I'm now wondering if the upwards arrow is associated somehow with the area's use prior to 1682, that image having long been associated with archery originally (not surprisingly), and later ordnance in general, and the Board of Ordnance in particular. (Various online sources contain words to the effect: On 3rd January 1537 the area was designated as an artillery ground for the “Fraternyte or Guylde of Artyllary of longbowes, Crossbowes and handegonnes”. This from a local authority planning document.)

Obviously, the buildings are post 1682 - so possibly this is a later acknowledgement of prior use, or a claim of post 1682 ownership.

Photographs: here, and this one:

View attachment 17554







But, you know, things are never that simple.

After writing all that at 04.00 this morning – being unable to sleep and looking for distraction – I then stumbled across a great bit of trivia:

This very corner of Artillery Lane and Artillery Passage makes an appearance in the 1981 movie Omen III: The Final Conflict -Source.

View attachment 17555

You can see from the still that the earlier and later window area was at that time completely bricked over – and a whole section of wall seems to have been rebuilt, rather than the window simply bricked in. This means the window has since been reinstated and may not be in precisely the same place as the original – so my scaling may be based on complete bobbins. (There’s another slightly later image here – you can just about make out the same discolouration in the differing brickwork.)

As part of a Conservation Area it’s highly likely that the buildings have been renovated in accordance with the original architecture – hence the reconstituted window. In all the images I’ve found the arrow sign is obscured, possibly under a darker paint. I also think it’s likely that if this was found under the later paint, and was salvageable (which is possible), it was likely to have been uncovered as part of the restoration.

As you can no doubt deduce – I really couldn’t get to bloody sleep last night.
Sterling work spook.
 

Newt

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This shows another picture of it, but so far I cant find a date for the photo.

https://www.british-history.ac.uk/survey-london/vol27/plate-54

figure0361-054-a.gif

And this site explains the spade shaped thing.

http://www.waymarking.com/waymarks/WMFAXT_Old_Atillery_Ground_Mark_Artillery_Passage_London_UK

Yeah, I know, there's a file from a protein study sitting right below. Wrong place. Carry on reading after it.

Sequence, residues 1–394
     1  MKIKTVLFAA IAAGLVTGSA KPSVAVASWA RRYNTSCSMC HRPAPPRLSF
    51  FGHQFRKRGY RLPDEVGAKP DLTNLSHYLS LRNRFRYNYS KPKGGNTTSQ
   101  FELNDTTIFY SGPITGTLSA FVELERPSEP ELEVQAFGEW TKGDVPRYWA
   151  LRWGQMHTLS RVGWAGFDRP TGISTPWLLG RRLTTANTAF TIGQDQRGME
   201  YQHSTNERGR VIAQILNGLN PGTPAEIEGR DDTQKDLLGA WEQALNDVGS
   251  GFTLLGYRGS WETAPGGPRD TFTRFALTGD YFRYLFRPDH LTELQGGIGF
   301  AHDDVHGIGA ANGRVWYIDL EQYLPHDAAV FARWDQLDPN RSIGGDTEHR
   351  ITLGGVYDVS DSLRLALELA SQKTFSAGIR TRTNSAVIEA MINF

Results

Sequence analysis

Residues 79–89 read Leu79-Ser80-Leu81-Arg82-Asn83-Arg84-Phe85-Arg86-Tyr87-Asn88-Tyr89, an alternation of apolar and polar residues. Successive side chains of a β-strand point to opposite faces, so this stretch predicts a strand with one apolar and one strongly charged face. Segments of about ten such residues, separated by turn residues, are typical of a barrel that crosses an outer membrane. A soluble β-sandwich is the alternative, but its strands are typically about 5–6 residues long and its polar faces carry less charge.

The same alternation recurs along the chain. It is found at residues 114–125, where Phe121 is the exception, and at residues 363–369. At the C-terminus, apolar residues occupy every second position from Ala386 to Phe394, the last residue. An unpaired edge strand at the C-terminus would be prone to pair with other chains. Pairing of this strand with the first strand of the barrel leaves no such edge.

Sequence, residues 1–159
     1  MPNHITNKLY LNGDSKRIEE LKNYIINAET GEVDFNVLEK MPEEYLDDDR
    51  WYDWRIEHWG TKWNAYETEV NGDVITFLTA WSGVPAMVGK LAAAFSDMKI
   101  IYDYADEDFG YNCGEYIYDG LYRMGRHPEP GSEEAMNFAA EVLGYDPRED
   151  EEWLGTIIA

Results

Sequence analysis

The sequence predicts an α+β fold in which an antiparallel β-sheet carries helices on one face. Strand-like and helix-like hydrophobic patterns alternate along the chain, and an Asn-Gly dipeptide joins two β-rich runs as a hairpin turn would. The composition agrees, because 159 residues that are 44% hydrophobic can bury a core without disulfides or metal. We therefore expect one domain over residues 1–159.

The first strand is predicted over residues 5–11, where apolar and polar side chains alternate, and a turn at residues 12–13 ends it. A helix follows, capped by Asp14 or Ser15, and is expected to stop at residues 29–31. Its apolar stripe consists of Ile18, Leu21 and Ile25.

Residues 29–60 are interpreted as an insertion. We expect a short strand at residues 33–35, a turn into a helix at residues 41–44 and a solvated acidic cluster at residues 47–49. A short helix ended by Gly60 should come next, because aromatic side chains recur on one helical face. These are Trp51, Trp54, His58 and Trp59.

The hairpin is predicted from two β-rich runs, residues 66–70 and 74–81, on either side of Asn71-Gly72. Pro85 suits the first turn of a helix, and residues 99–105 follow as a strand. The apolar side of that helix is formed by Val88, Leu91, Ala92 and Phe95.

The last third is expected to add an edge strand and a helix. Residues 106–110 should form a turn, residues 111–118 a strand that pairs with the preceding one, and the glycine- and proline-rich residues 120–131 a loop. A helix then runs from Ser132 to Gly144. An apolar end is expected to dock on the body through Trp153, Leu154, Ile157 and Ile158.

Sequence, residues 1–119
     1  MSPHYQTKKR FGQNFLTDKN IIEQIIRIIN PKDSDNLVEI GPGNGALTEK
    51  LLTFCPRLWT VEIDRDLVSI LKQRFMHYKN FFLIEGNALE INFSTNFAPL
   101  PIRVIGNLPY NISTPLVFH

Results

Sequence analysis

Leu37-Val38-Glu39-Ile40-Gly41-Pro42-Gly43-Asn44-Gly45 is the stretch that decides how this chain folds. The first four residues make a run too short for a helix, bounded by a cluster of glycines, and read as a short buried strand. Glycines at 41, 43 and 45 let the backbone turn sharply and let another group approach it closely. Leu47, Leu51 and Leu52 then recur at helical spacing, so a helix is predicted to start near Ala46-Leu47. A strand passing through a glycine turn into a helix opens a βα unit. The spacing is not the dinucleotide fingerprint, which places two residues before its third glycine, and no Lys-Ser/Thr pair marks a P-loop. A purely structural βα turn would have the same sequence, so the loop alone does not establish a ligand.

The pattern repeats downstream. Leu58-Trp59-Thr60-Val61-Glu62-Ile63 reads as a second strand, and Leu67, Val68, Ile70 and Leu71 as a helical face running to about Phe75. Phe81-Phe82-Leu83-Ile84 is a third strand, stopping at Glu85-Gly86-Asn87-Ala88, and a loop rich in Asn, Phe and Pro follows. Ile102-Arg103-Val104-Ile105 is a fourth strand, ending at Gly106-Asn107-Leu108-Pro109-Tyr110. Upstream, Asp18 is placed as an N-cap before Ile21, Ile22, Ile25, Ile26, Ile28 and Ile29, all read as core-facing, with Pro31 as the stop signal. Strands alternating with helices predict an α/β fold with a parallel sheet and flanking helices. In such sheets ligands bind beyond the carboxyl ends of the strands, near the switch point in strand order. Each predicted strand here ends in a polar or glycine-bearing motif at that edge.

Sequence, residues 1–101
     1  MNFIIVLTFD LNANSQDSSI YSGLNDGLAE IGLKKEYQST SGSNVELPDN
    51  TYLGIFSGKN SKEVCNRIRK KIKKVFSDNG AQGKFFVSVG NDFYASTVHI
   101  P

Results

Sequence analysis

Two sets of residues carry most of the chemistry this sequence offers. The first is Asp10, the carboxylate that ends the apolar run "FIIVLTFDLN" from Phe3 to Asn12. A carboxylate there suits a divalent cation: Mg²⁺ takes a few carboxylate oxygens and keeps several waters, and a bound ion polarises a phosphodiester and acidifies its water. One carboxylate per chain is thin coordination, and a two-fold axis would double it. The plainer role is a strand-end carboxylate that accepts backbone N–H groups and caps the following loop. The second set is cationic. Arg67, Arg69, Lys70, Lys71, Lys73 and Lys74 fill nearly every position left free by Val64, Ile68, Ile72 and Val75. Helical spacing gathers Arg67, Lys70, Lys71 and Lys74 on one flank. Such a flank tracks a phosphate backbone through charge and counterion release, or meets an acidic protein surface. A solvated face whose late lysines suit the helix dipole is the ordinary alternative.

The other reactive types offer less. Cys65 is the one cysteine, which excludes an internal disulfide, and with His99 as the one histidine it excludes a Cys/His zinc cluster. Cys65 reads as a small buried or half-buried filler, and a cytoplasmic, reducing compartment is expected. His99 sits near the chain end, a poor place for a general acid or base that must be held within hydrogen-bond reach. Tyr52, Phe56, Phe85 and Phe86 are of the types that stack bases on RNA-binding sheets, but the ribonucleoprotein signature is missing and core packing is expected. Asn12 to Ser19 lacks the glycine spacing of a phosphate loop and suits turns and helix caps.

Quote from source

"On 13 February 1681/2 the Old Artillery Ground was granted in perpetuity to George Bradbury and Edward Noell for £5,700, with licence to build new houses on the same. It was described as the Old Artillery Ground or Old Artillery Garden in or near the parish of St. Botolph's, Bishopsgate, and on the west side of fields or places commonly called Spitalfields, containing five acres and one rood, now encompassed with a brick wall; the buildings are described much as in l681. A rent of 6s. 8d. was reserved. In subsequent deeds George Bradbury is described as of the Middle Temple, esquire, and Edward Noell as of the Inner Temple, gentleman. They were probably associated with Barbon in this grant, as the subsequent building leases were usually made by Bradbury and Noell together with Barbon and John Parsons.

At the time of the grant the Crown set up metal broad-arrow marks at various points along the boundary; several of these marks can still be seen at No. 43 Artillery Lane, No. 9 Artillery Passage, Nos. 9 and 14 Brushfield Street, as well as an incised mark, probably of later date, in George and Catherine Wheel Alley. The arrow at No. 9 Brushfield Street is marked 1682; the arrow opposite at No. 14 may also be original, but both these must have been placed in their present positions when Union (now Brushfield) Street was cut through in the late eighteenth century. In 1943 a mark still existed at No. 42 Brushfield Street, and in 1893 there was another dated 1682 at the corner of Artillery Lane and Sandys Row; both these have now disappeared."
 
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Looking at another of the photos on the above link, I think I can make out

DAILY
FROM THE

on the ghost sign.

I also wonder if the bottom word might be SHELL. If so, maybe they sold oysters - very popular in Victorian London.

Edit: I know that this is a tangent, and has nothing much to do with the Ripper - but, it's good fun.